Effective collaboration and communication in interprofessional teams are key to high quality and safety in healthcare delivery. Studies have shown that poor team communication contributes to potentially avoidable adverse events and patient harm [1,2,3,4]. Moreover, complex patient care involves clinicians from multiple specialties and professional backgrounds and requires frequent handovers and transitions. Thus, skills in interprofessional team communication are fundamental to ensuring effective information transmission along the patient care process

Communication practices such as 2-way-communication (closed-loop communication), briefings, and feedback can support interprofessional communication and hence contribute to improved quality and safety of care [5,6,7]. 2-way-communication is a communication technique in which a received verbal message is followed by an explicit confirmation to the sender of the message. This method is already used in high-risk sectors, such as the army and aviation, to avoid misunderstandings and to confirm actions taken. Briefings are used in interprofessional teams to create an equal level of information, discover unsolved problems, and establish or maintain a common understanding of the situation. This should minimize the risk of possible loss of information [8]. Feedback is used to reflect on the performance of the team as well as the individual performance, and can lead to alternative solutions in the future, or strengthen existing good practices.

Team-trainings were shown to be effective at improving communication processes in healthcare [9, 10], especially if following a holistic, organisation-wide and interprofessional approach [11]. However, such approaches are challenging to implement and depend heavily on organisational culture [12,13,14]. Different professions in the hospital setting usually have different education and qualifications, possess different roles and use different professional jargons, all of which may lead to different perspectives on patient safety [15, 16]. Consequently, small-scale local trainings of communication skills, especially delivered for individual professional groups, may have limited impact on interprofessional collaboration..

In 2015, the University Hospital Muenster launched an interdepartmental, interprofessional training project to strengthen safety culture and train employees in communication skills. The project group, ‘Safety Training’, therefore developed interprofessional team-training courses for relatively small groups of nurses and physicians (9% of overall participants), representing 17 participating departments with a total of approximately 2000 employees. These representatives of nurses and physicians from participating departments served as so-called ‘champions’ to transfer training contents into clinical practice [17]. However, it is unclear how many trained champions are required to initiate change at the department level and which cultural aspects support a transfer of training content into clinical practice.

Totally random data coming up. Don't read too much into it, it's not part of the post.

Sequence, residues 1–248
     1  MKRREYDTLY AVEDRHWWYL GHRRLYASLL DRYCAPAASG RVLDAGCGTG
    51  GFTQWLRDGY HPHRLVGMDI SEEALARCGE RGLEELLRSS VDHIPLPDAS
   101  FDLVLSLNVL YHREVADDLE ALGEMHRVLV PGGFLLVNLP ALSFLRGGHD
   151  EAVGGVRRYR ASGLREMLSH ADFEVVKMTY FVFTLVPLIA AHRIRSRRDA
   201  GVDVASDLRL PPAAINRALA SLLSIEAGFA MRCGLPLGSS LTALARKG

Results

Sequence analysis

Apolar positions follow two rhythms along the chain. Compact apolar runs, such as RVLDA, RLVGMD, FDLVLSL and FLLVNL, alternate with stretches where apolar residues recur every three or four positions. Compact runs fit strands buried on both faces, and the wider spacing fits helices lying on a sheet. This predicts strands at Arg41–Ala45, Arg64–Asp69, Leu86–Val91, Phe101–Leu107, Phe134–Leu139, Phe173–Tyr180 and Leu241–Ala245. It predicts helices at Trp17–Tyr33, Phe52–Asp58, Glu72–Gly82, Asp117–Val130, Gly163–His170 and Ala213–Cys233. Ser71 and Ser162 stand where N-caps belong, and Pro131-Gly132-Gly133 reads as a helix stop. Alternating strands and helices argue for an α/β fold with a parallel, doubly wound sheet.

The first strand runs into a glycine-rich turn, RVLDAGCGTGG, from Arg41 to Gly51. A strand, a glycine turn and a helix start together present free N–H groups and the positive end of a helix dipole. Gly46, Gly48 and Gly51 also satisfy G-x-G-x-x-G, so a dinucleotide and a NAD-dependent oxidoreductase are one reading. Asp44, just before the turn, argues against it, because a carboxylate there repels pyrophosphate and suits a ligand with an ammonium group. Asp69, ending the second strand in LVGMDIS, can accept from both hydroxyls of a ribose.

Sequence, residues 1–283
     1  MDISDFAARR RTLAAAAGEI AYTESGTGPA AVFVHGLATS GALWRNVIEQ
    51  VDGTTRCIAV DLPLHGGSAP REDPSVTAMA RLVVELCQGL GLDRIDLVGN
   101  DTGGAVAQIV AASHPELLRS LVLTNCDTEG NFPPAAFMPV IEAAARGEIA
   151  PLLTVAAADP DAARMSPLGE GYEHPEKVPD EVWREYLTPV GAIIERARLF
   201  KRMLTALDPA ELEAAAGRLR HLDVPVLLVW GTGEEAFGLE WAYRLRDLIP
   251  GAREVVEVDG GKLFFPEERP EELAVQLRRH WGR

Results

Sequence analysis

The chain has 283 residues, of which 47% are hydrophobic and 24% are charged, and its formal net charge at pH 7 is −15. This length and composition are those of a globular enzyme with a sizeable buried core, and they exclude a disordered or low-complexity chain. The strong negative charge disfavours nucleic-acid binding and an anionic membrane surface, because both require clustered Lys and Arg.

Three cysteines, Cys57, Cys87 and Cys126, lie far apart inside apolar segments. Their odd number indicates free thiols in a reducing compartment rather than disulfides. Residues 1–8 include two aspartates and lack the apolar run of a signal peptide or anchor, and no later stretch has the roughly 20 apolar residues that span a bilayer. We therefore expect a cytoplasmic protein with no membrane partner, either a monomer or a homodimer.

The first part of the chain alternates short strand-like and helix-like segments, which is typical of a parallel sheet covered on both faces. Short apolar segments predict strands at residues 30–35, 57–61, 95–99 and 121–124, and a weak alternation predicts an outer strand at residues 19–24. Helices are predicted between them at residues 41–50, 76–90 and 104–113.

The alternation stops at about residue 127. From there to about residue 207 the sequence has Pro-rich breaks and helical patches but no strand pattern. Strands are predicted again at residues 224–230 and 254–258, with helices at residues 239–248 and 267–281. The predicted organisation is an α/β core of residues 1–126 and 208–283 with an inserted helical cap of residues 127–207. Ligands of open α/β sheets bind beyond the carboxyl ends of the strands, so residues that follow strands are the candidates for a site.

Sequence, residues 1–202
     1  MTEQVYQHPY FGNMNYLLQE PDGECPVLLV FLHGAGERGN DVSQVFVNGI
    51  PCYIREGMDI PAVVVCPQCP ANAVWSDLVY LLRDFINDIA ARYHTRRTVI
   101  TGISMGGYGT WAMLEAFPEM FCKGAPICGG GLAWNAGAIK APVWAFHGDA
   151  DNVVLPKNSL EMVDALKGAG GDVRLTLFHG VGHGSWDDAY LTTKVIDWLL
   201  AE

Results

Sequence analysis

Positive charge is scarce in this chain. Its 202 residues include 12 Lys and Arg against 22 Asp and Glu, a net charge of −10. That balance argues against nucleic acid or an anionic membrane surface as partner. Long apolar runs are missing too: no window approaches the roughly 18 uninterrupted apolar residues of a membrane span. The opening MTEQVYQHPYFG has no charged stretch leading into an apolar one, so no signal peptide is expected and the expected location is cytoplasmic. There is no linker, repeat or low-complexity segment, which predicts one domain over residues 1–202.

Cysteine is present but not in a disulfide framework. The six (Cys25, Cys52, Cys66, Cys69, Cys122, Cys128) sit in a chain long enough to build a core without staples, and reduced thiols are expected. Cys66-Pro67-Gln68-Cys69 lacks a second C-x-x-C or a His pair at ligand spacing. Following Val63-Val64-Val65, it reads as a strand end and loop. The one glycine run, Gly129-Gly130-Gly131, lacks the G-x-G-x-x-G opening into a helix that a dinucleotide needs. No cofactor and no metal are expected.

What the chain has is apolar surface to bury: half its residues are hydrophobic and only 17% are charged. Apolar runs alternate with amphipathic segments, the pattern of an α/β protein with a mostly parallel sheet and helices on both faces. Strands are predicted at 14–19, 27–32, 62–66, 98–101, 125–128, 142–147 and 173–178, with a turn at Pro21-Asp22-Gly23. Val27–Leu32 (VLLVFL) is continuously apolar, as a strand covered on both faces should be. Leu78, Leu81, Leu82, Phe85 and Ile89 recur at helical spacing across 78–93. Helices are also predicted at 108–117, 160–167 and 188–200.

In patient safety research, a culture of safety is generally considered an important factor for improving healthcare delivery [18,19,20,21]. Safety culture is a multidimensional construct [22], previous studies identified different safety culture aspects as important facilitators for successful implementation of quality improvement initiatives. Leadership [23, 24], teamwork [25, 26], and psychological safety [27] were identified as strong catalysts to successfully implement quality improvement strategies such as interprofessional trainings. Thus, we seek to understand whether these aspects of safety culture support the interdisciplinary training of patient safety champions in the hospital setting.

Research questions/objectives

Firstly, this study aims to investigate, if the interprofessional team-training of champions can be successfully transferred into clinical practice. Thus, we examine whether there are changes in professionals’ perceptions on safety culture aspects and communication practices before and after the intervention and whether the results differ between training participants and nonparticipants.

Second, we seek to understand which safety culture aspects serve to foster the transfer of trained communication practices into clinical practice. In this regard, we seek to understand the relevance of nurses’ and physicians’ perceptions on safety culture aspects and its influence on trained communication practices. Results from this study will help to understand if trained champions can make a difference at the department level and what cultural aspects are instrumental in making that happen.


Study context

Between January and November 2016, the project group conducted a series of interprofessional team-trainings of clinical managers and champions. The University Hospital Muenster comprises about 9600 employees working in 42 departments. Of these, 17 departments (with approximately 2000 employees) participated in team-trainings. These departments were chosen based on either their high patient flow, their risky profile for patient care or their time-critical processes and/or complex interprofessional composition (e.g. operating areas, intensive care units, and emergency outpatient departments).

Training concept and implementation